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On the left is the internet champion, with 222.16 billion of capitalization, a technology company that maintains an index of Web sites and other online content for user. The company comes from Mountain View and has been accused of patent infringement-- Google Inc (NASDAQ:GOOG).

On the right, the contender for the title, with 128.62 million of capitalization, a company that develops and provides software products for mobile video entertainment, personalization, and mobile social applications. Comes from New York and claims patent infringement-- Vringo Inc (NASDAQ:VRNG).

The combat is very tight in the first movements. Remember that the contender for the title, Vringo Inc, claimed that the internet champion, Google Inc, had infringed on a patent filed by Ken Lang in 1998. In respect thereof, Vringo declared that the patents are at the core of Google's AdWords and AdSense systems, which account for nearly 97% of Google's revenue. The contender of the title, Vringo is thought to be seeking damages of between $500 million and $1 billion.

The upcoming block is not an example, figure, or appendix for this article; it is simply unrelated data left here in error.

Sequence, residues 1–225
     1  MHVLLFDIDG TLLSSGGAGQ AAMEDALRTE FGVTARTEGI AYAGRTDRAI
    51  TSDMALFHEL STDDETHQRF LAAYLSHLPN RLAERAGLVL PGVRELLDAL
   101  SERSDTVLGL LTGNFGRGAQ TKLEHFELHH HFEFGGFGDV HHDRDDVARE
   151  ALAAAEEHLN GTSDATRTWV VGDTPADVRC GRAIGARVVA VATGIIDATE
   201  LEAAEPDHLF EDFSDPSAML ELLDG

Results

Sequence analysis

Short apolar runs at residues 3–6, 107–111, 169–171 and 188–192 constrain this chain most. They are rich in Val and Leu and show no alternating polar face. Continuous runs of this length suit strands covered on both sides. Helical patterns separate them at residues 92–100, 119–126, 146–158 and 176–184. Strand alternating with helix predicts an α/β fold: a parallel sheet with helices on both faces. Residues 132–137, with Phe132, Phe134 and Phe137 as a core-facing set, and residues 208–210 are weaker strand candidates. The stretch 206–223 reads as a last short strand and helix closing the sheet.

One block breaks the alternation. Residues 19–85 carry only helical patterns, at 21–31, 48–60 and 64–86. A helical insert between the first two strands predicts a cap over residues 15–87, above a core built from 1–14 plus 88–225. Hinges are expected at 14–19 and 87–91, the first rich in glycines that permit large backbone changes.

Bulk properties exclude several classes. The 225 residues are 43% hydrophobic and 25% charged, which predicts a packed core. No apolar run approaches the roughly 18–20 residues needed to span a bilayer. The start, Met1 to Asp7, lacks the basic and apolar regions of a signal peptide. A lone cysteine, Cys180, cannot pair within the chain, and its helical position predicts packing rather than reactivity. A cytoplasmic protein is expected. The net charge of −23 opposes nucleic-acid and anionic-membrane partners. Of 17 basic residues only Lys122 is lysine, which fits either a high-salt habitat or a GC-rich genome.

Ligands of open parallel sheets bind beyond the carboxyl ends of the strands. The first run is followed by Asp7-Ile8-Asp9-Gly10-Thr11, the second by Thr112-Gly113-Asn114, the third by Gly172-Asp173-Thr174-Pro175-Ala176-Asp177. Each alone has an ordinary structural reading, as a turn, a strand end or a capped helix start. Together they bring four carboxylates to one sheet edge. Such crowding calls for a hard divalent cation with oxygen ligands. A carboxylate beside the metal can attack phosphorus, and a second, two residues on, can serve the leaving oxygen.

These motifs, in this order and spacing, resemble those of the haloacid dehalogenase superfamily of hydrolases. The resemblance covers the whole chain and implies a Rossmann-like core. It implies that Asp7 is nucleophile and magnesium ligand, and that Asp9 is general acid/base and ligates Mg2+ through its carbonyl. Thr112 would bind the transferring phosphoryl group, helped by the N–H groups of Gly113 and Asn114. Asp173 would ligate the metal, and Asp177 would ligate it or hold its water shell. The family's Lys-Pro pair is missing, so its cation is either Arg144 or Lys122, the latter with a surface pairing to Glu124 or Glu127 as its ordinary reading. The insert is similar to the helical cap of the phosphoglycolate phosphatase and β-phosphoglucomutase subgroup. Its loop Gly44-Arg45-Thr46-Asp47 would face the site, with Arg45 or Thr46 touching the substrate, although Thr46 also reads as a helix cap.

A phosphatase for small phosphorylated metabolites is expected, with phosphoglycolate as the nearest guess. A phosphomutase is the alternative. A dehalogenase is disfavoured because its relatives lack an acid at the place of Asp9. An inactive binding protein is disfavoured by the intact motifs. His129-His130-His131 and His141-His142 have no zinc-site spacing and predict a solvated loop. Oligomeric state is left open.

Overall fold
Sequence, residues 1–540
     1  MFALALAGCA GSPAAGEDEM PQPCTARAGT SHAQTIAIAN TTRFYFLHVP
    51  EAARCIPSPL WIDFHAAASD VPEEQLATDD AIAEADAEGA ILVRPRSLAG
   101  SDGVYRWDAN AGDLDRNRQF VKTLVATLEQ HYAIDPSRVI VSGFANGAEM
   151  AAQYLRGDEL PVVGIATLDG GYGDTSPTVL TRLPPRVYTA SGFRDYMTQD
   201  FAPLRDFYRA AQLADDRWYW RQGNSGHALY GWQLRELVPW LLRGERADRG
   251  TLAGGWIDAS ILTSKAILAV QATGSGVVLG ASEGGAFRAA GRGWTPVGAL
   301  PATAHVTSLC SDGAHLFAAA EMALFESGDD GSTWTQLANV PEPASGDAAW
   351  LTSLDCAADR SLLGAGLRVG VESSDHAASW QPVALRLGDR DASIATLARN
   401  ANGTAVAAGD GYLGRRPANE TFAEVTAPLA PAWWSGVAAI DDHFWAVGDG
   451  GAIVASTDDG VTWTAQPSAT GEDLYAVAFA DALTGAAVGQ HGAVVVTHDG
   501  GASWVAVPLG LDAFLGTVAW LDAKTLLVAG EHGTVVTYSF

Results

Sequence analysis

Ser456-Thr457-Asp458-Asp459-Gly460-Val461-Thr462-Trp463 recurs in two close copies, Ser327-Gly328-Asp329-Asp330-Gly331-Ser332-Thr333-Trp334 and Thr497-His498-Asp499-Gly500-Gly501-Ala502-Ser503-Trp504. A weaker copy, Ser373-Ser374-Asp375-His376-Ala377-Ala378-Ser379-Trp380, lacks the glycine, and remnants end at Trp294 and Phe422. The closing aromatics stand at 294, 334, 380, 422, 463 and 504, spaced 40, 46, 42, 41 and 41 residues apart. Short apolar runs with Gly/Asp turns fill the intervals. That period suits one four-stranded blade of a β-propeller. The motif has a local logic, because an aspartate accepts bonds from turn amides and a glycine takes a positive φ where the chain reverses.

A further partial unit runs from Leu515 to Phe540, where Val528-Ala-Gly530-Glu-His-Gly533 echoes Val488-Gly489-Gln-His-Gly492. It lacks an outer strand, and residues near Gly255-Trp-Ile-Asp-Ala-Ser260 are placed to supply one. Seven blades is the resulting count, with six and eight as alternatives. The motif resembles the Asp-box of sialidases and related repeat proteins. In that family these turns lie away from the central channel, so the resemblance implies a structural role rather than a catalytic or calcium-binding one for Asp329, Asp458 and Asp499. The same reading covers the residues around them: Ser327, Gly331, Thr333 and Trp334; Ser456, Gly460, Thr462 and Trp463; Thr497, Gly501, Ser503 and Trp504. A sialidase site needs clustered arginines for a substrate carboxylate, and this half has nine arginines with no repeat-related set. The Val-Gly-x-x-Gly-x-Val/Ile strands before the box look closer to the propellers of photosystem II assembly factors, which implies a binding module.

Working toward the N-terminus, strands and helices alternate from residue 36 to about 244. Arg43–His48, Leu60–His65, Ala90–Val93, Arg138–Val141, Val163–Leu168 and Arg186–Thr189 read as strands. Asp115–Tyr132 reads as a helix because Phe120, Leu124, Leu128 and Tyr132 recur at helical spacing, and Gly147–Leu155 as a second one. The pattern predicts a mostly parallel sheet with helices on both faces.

However, the opponent Vringo is not dodging all the blows. Vringo insiders' shares sold are very high for the month of October, which shows a weakness to its rival, Google Inc. Is it maybe due to the fear of losing the battle? Or is simply using movements to mislead its opponent? I do not know. But I am really sure and I can state to those who are enjoying this battle that the insiders of Vringo have sold 1,113,259 shares in October. In my opinion, this fact is a clear symptom of weakness. Below, you can see the latest insider transactions in Vringo:

(Source: Nasdaq.com)

  • On October 25, 2012, the CEO of Vringo, Andrew D. Perlman sold 2,500 shares at an average price of $4.15.
  • On October 25, 2012, the Director of Vringo, John Engelman sold 1,173 shares at an average price of $4.13.
  • On October 25, 2012, the President of Vringo, Andrew Kennedy Lang sold 5,500 shares at an average price of $4.13.
  • On October 25, 2012, the CCO of Vringo, Alexandrer R. Berger sold 4,828 shares at an average price of $4.13.
  • On October 23, 2012, the CFO of Vringo, Ellen Cohl sold 1,346 shares at an average price of $4.25.
  • On October 23, 2012, the Director of Vringo, Seth M. Siegel sold 421 shares at an average price of $4.26.

I initially thought that these sales of shares could be the typical automatic sales, but if you look at the SEC filling you can see that these are sales of shares on the open market.

If Vringo had hopes of winning this figh, it would not have carried out these sales of shares. Take into account that Vringo has made a multimillion-dollar claim and if the company wins the trial, itsshares could be multiplied. We may know the winner of this combat next week. As Julius Caesar said: "Alea iacta est." (Latin: "The die has been cast")

Source: Tech Battle: 2 Opponents, 1 Winner